In these confusing, troubled times it’s hard to find common ground between the two Americas. We seem almost utterly divided culturally and politically, all along red and blue lines. Yet one belief holds us together as a people: the belief that, in one way or another, we’re all screwed.
In the days of yesteryear, only those of a particular political bent toward conspiracy theories were convinced that society hung on the verge of collapse and therefore stockpiled months worth of emergency supplies. But now coastal elites, rust belt blue collar workers, and midwest farmers alike can unite in a shared vision of preparing for armageddon, the zombie apocalypse, a Chitari invasion, or a Thanksgiving visit from family members.
With sure death and doom being around every corner, it’s hard to see the flowers that may have popped up in the springtime mud. Could any goodness still exist on planet Earth?!? Let’s not despair, dear nerds, and instead let’s take a serious turn, stopping to smell the roses and consider how they might impact our tabletop roleplaying games.
The Native American Choctaw were exiled from their ancestral land and marched to Oklahoma in 1847, where they slowly began to make a new home for themselves. An estimated 4,000 Choctaw died in their thousand mile march to Oklahoma.
Once in Oklahoma, conditions were bleak. In a 1849 telling of the event it was said by one Choctaw that “our habitations [were] torn down and burned, our fences destroyed, cattle turned into our fields, and we ourselves have been scourged, manacled, fettered, and otherwise personally abused, until by such treatment some of our best men have died.”
But in the midst of that suffering, the Choctaw people heard that due to a failure of the Irish potato crop, an all-consuming famine was sweeping across Ireland. Upon hearing this news, the Choctaw–folks who were perhaps the least able to give–made a donation to benefit those starving strangers, who were thousands of miles away.
These were people with very little to give and had just been pressured to cede 11 million acres of their land, then force marched along the Trail of Tears. They were still grieving lost loved ones. Yet they gave $170, which would be about $5,000 in today’s dollars.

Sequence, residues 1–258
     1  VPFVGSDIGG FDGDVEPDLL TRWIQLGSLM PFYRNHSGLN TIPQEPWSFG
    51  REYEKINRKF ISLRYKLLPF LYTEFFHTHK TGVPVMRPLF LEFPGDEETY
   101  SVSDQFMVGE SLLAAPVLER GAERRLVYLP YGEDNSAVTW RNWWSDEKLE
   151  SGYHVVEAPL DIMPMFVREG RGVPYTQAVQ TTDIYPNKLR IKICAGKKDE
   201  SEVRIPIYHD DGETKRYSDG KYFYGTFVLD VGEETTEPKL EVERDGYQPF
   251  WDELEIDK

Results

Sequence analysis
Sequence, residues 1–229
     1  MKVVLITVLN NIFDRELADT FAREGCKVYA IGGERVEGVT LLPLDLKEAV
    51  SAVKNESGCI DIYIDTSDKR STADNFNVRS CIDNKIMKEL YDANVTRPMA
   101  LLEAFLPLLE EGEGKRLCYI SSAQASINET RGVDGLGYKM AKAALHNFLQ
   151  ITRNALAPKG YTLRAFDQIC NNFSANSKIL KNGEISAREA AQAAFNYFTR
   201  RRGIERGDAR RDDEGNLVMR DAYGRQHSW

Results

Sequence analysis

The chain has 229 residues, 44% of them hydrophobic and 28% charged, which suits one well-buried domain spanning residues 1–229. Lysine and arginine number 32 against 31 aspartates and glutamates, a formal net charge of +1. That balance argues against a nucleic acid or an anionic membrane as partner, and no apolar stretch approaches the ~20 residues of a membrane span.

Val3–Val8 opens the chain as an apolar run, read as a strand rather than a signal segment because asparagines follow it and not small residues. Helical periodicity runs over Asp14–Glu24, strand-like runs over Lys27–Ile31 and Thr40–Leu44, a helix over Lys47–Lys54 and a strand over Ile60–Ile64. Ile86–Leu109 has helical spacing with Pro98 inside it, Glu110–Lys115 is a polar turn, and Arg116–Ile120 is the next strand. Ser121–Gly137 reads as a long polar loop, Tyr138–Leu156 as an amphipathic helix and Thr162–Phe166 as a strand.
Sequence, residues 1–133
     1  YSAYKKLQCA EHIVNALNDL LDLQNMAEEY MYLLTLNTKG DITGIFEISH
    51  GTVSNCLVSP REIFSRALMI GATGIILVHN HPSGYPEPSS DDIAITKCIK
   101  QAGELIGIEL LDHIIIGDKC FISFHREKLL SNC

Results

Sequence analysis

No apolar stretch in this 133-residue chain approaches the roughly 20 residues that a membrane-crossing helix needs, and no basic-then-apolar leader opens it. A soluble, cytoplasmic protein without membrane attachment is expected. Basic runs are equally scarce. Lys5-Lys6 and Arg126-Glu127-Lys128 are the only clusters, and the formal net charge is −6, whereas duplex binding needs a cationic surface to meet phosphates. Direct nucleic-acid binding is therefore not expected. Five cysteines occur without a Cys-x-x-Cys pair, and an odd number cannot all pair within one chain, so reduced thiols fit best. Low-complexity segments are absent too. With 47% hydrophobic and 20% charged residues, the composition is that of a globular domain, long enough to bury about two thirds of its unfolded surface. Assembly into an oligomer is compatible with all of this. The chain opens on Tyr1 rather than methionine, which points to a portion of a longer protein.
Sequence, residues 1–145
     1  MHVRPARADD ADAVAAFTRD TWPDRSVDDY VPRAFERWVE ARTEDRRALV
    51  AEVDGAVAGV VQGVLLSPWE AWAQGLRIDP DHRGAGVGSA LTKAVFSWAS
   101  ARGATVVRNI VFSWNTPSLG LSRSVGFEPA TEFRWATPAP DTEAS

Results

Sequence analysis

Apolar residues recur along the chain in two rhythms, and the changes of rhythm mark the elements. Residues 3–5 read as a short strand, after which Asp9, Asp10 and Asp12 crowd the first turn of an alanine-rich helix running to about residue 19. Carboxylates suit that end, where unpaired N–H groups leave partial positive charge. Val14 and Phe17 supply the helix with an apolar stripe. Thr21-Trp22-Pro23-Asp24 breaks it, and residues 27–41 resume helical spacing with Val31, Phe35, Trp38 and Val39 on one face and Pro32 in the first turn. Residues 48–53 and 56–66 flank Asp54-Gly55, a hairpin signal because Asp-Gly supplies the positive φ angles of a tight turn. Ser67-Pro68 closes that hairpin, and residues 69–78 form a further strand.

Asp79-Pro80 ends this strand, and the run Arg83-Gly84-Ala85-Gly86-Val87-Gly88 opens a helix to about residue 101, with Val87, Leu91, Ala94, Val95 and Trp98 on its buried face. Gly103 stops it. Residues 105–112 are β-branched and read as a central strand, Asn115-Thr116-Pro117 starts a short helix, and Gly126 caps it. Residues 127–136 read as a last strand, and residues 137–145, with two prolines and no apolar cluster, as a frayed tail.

It was an absolutely amazing gesture of empathy, generosity, and kindness.
Maybe it’s just a quick side quest or a single encounter, but why not add a moment of good ‘ole big-hearted benevolence to an RPG session?
I’m an unrepentant Murder Hobo, so I love gaming sessions that are nothing more than killing monsters, then looting their corpses. But it’s also important to show quiet moments of heroism and kindness toward others. Otherwise, what kind of world are the heroes trying to save anyway?
It need not be as remarkable of the gesture of the Choctaw, but it would be a nice move to implement an occasional bit of hopeful sunshine into your RPG. Here are some ideas:
- How about a little girl in an otherwise nondescript village that passes out fresh cut flowers to each of the PCs and wishes them good luck on their adventures.
- Consider a halfling couple that brings in an cares for a human orphan child, despite the fact that the larger child taxes their meager food stores.
- A noticeably poor NPC could come up to the heroes and press a copper piece into the palm of a PC, wanting to give whatever she can to benefit the fight against evil.
- A group of religious leaders could be stationed in the village to help the less fortunate and *gasp* the GM doesn’t write them to ultimately be evil cultists.
Maybe Thanos will indeed destroy us all, red and blue America alike. Until then it’s important to celebrate small moments of hope from time to time. But that’s just in our RPGs. As for us personally? Well, we could do worse than to take a lesson from the Choctaw.